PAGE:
Don't worry,' said our guide, Niels Bryan-Low, his eyes bright with malice, 'the only time a wild boar is really dangerous is if you get between a mother and her baby.' A few minutes later, crunching across a patch of orange ferns, there was blur of movement to our right. Niels froze, sniper-style, and we turned to see a terrier-sized wild boarlet, striped dark brown and fawn, zigzagging towards us through the undergrowth.
A photograph was taken of the Blair Cabinet immediately after the 1997 general election. There is a bemused, nervous air about the Prime Minister and his colleagues, as if they had just won the National Lottery but weren't quite sure whether the cheque had cleared. But there is also a palpable sense of common purpose. That unity was finally destroyed last week, as Clare Short quit the Cabinet. She is the 13th of the original 22 to leave since 2 May 1997.
I have been toying with the idea of founding a Cyclops Club, drawing its membership from the dwindling band of individualists who persist in defying the zeitgeist of Cool Britannia by wearing a single eyeglass, commonly known as a monocle. We are a species threatened with extinction and we probably qualify for victimhood, as an oppressed minority.The impending crisis first became apparent last summer when an incident in Bromley provoked national headlines.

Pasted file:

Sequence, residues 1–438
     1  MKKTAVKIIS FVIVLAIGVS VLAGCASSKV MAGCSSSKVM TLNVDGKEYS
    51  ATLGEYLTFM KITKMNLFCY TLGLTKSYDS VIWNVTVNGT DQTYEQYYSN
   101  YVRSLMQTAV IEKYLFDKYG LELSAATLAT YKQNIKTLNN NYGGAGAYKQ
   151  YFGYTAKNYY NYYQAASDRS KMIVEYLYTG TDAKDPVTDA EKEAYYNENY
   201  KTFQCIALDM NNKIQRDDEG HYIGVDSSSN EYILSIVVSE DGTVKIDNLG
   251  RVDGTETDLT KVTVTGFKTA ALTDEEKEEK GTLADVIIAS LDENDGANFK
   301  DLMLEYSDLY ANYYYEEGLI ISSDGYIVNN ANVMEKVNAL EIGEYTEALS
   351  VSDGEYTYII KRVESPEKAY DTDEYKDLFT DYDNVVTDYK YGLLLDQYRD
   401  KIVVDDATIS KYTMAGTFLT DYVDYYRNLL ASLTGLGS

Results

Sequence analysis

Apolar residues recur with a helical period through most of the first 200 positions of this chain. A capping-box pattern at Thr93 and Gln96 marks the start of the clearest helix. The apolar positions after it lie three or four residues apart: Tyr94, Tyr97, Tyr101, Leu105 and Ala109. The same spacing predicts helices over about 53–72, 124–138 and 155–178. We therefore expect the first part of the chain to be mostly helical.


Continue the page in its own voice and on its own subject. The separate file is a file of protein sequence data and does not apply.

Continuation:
Golden days, golden child, as good as gold, heart of gold, golden oldie – from the cradle on, gold plays an important part in our language and imagination. The word 'gold' is used in praise, celebration, congratulation and reward. Yet few of us have any notion of where it comes from, or even why gold is so admired. For centuries gold was a symbol of romantic adventure, excellence and wealth. Sadly, it is increasingly a symbol of vulgarity and crass ostentation.
I have always really, really hated flying. The first whiff of an airport and I'm scared out of my wits. But not only am I terrified; I also loathe and resent the contempt in which passengers are generally held by the airlines – the way we're herded like cattle and the way we're expected to eat unspeakable food with a neighbour's elbow in the face. Even a short London
Ashes to ashes, dust to dust; in the fullness of Time, even Rolexes rust. Fast cars, foxy clothes, fancy wines and fine jewellery are fun while you can enjoy them, but when you find yourself facing Eternity, you can't take those goodies along. When push comes to Judgment Day, all such trinkets turn to trash. If you want real, lasting luxury, it's not your body you should be pampering, but your soul.